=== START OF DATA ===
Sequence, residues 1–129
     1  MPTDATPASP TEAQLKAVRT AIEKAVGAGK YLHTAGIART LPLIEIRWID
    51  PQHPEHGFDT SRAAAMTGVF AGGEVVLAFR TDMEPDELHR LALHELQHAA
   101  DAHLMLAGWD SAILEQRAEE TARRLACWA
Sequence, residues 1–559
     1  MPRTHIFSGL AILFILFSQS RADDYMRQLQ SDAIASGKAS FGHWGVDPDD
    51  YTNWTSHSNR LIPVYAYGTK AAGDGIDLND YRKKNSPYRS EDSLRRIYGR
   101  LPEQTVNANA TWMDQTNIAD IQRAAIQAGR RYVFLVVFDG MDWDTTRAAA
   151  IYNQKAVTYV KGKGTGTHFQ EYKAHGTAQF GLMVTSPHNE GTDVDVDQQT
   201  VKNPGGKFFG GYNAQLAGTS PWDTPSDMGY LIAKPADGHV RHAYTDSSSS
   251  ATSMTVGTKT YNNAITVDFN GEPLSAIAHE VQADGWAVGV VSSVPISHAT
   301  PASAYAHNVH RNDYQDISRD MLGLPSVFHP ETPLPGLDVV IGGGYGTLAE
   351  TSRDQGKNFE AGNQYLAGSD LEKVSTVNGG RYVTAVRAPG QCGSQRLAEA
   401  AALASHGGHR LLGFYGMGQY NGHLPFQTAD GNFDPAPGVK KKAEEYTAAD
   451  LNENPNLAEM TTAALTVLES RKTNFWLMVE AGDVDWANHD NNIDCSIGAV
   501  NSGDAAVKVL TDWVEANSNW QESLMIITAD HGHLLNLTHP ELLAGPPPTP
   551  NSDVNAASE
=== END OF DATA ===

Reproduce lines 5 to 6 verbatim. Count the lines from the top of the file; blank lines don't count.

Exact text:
Sequence, residues 1–559
     1  MPRTHIFSGL AILFILFSQS RADDYMRQLQ SDAIASGKAS FGHWGVDPDD